|Publication number||US6811517 B1|
|Application number||US 10/634,003|
|Publication date||Nov 2, 2004|
|Filing date||Aug 5, 2003|
|Priority date||Aug 5, 2003|
|Publication number||10634003, 634003, US 6811517 B1, US 6811517B1, US-B1-6811517, US6811517 B1, US6811517B1|
|Inventors||Paul William Eschenbach|
|Original Assignee||Paul William Eschenbach|
|Export Citation||BiBTeX, EndNote, RefMan|
|Patent Citations (20), Non-Patent Citations (2), Referenced by (38), Classifications (18), Legal Events (2)|
|External Links: USPTO, USPTO Assignment, Espacenet|
The present invention relates to a standup dependent exercise apparatus that simulates walking, jogging and climbing with arm exercise that simulates rowing and ski pole motion. More particularly, the present invention relates to an exercise machine having separately supported treadles for the feet and arm exercise coordinated with the motion of the feet.
2. State of the Art
The benefits of regular exercise to improve overall health, appearance and longevity are well documented in the literature. For exercise enthusiasts the search continues for safe apparatus that provides total body exercise for maximum benefit in minimum time. PoleStriding refers to walking with a pair of ski poles for arm exercise as a total body exercise.
Clinical trials reported in the article “PoleStriding Exercise and Vitamin E for Management of Peripheral Vascular Disease” by Eileen G. Collins et al. appearing in Medicine & Science in Sports & Exercise 2003; 35(3):384-393 provide strong evidence that PoleStriding significantly improved exercise tolerance with reduced claudication pain in the participants of the trials. Other clinical trials such as “Effect of exercise on perceived quality of life of individuals with Parkinson's disease” by J. Baatile et al. appearing in VA Research & Development, Journal of Rehabilitation Research and Development, Vol. 37, No. 5, September/October 2000 report improved quality of life after 8 weeks of PoleStriding. One common complaint of PoleStriding participants is the unusual appearance of walking in public with ski poles.
Magid in U.S. Pat. No. 5,538,489 shows a walker apparatus with left and right foot belts having independent belt movement. Yoshimura in U.S. Pat. Application No. 2001/0016542 shows a pair of tread belts pivoted in the front to provide independent stepper movement. Piaget et al. in U.S. Pat. No. 5,336,146 shows a pair of dual reciprocating treads pivoted in the rear acting independently against damper resistance. Speer et al. in U.S. Pat. No. 4,204,673 shows a dual-tread exercise having one tread for each foot. Liu in U.S. Pat. No. 5,669,856 shows a stepper exercise device also having dual treads.
Foster in U.S. Pat. No. 5,620,400 shows dependent forward pivot foot support members connected to hand levers for mountain climbing exercise. Chang in U.S. Pat. No. 4,961,570 shows dependent forward pivoted foot support members as part of a linkage having a crank to determine step range. Lo in U.S. Pat. No. 4,934,688 shows a dependent stepper that drives a flywheel. Kuo in U.S. Pat. Nos. 4,989,857 and 5,039,087 uses forward pivoted foot support members powered by a motor through a crank.
The treadle category has the foot support members pivoted or guided rearward the operator allowing the foot to move up and down wherein the toe moves faster than the heel. Brown in U.S. Pat. No. 3,316,898 shows foot support members slidably pivoted rearward the operator with elliptical foot motion. Encke in U.S. Pat. No. 3,814,420 offers foot support members pivoted rearward the operator with treadle motion controlled by lever action. Eschenbach in U.S. Pat. No. 6,017,294 offers rearward pivoted treadle pedal movement coordinated with arm exercise. Gordon in U.S. Pat. No. 5,792,029 shows rearward pivoting foot support members that support foot trolleys for back and forth foot motion coordinated by belts to up and down foot support member motion.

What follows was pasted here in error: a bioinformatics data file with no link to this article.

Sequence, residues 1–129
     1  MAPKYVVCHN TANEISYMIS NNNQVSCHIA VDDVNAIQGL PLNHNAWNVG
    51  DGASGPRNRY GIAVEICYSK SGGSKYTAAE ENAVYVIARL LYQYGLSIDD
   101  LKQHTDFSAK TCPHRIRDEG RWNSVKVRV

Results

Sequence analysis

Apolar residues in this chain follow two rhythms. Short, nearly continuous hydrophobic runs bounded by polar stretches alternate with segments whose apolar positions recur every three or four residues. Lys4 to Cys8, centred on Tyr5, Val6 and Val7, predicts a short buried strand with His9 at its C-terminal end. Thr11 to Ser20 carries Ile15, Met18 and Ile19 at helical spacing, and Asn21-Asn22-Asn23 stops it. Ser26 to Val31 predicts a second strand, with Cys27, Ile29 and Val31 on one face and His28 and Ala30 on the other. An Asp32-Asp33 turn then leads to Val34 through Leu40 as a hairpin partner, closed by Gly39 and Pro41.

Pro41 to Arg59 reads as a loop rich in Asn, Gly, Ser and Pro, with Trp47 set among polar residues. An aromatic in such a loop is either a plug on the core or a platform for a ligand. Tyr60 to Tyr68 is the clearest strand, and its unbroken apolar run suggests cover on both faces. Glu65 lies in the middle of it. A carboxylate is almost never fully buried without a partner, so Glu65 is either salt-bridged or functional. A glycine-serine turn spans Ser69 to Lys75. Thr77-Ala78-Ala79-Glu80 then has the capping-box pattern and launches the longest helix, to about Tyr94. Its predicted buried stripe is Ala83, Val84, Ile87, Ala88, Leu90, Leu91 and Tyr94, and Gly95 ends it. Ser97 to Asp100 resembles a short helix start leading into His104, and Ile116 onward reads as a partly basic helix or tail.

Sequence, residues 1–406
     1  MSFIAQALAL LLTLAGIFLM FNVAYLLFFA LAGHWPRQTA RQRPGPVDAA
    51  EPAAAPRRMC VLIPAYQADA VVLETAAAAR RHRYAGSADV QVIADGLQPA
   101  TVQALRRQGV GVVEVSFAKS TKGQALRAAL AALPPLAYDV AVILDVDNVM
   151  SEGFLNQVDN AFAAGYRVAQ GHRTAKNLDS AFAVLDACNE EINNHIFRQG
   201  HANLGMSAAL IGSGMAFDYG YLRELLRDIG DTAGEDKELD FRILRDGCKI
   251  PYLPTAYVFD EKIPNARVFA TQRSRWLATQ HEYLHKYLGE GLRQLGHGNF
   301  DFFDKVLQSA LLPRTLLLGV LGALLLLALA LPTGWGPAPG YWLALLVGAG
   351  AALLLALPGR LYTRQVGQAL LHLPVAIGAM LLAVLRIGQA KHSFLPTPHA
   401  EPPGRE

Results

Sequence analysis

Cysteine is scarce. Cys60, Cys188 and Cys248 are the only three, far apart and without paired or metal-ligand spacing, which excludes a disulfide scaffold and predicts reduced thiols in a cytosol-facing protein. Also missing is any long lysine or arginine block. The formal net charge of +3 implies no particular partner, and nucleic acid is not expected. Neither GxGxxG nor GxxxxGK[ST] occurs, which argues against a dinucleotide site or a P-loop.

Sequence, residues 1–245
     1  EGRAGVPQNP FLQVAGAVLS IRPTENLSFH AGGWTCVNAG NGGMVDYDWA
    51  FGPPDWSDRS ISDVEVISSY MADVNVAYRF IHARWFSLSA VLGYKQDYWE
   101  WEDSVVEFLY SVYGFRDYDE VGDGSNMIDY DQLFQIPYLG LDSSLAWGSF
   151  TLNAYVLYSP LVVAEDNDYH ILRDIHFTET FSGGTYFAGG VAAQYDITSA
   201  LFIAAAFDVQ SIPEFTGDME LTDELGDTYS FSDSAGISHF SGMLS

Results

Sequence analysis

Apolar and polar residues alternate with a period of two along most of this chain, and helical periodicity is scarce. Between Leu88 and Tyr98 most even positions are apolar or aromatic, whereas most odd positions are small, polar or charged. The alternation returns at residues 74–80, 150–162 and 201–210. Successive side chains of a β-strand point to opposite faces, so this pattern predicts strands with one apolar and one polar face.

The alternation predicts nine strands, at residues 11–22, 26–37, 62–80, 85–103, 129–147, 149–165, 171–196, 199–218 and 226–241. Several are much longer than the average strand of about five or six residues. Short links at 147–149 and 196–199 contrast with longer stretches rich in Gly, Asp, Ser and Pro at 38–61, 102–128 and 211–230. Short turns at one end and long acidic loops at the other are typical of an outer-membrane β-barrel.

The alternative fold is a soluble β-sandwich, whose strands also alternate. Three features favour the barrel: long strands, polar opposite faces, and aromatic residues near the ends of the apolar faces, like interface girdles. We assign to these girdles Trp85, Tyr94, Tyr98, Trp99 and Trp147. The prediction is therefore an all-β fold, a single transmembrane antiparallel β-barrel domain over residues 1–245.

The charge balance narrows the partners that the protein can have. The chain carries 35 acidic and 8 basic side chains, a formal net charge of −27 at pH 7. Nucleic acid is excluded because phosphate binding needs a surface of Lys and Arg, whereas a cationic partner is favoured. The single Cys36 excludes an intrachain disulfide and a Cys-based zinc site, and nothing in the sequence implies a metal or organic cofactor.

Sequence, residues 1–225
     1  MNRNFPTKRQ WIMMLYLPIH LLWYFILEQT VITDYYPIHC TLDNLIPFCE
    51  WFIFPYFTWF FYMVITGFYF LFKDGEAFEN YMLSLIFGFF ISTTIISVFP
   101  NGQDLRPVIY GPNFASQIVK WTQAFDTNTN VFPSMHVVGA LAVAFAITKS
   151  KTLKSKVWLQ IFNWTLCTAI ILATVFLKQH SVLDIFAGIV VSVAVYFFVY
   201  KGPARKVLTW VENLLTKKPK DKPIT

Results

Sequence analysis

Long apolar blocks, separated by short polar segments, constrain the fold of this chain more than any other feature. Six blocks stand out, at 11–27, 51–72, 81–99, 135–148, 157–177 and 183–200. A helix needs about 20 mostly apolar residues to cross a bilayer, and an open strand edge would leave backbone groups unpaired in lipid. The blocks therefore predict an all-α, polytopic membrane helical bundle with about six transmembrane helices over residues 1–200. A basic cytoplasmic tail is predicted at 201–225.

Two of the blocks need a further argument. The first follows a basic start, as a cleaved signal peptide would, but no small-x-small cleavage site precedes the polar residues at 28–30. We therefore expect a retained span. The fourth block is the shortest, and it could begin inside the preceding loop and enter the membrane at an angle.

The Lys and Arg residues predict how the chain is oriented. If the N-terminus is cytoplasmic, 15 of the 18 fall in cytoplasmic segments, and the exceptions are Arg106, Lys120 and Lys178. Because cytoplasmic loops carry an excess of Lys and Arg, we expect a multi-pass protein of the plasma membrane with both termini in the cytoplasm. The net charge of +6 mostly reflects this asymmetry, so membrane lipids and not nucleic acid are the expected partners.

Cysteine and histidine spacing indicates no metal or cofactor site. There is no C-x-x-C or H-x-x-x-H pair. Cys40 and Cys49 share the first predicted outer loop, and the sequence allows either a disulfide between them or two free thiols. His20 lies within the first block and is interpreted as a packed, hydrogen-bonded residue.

Arm exercise with elliptical hand motion has recently appeared in the art. Yu in U.S. Pat. No. 6,022,296 shows a dependent stepper with elliptical hand motion. Rodgers, Jr. in U.S. Pat. No. 5,690,589 and Lin et al. in U.S. Pat. No. 5,769,760 show elliptical hand motion coordinated with elliptical foot motion.
There remains a need for a stationary exercise apparatus that simulates PoleStriding to give users the benefits of PoleStriding exercise reported in clinical trials without concern for weather or public appearance. There also remains a need to combine walking exercise with arm exercise having ski pole movements found in PoleStriding. There also remains a need to combine up and down inclined foot motion on tread belts having low knee stress with elliptical hand motion to exercise muscles in an alternative manner. There also remains a need for an exercise apparatus that provides climbing foot movements not found with stepper exercise apparatus combined with arm exercise.
One objective of the present invention is to provide total body exercise that simulates PoleStriding. Another objective of the present invention is to provide smooth up and down treadle motion with walking tread belt movement coordinated with elliptical hand movement. Another objective of the present invention is to provide a control system that allows the tread belts speed to be coordinated with the up and down treadle movement speed.
The present invention relates to the kinematic motion control of a pair of treadles each having a continuous tread belt to simulate walking, jogging and climbing during operation. More particularly, apparatus is provided that offers variable intensity exercise through a leg and arm operated cyclic motion in which the treadle supporting each foot is guided through successive positions during the up and down motion cycle while a load resistance acts upon the mechanism.
The treadles are guided through up and down inclined movement with tread belts for walking foot movement and handles coordinated with treadle movement for elliptical hand movement to simulate PoleStriding.
In the preferred embodiment, the apparatus includes a pair of treadles each having a tread belt with each treadle pivoted rearward the user. The front end of each treadle is supported by a connecting link for up and down movement. A pair of cranks control the up and down movement of the connecting links. Handles with hand grips are removably attached to the upper ends of the connecting links. As the cranks rotate, the treadles move up and down while the hand grips follow an elliptical ski pole motion. The tread belts are motor driven to encourage walking or jogging uphill. Different arm exercise occurs such as rowing or ski pole movement depending upon the direction of crank rotation.